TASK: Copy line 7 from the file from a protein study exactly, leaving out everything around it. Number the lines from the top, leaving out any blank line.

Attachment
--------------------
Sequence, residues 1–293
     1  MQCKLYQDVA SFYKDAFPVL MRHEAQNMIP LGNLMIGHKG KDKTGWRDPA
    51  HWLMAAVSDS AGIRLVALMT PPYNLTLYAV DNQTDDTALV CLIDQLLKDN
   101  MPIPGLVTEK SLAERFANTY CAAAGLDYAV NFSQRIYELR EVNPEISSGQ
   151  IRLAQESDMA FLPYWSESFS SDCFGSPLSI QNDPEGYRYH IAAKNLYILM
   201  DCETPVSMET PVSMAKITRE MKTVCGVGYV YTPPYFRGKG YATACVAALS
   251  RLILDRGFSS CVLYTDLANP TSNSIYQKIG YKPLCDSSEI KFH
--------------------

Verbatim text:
   251  RLILDRGFSS CVLYTDLANP TSNSIYQKIG YKPLCDSSEI KFH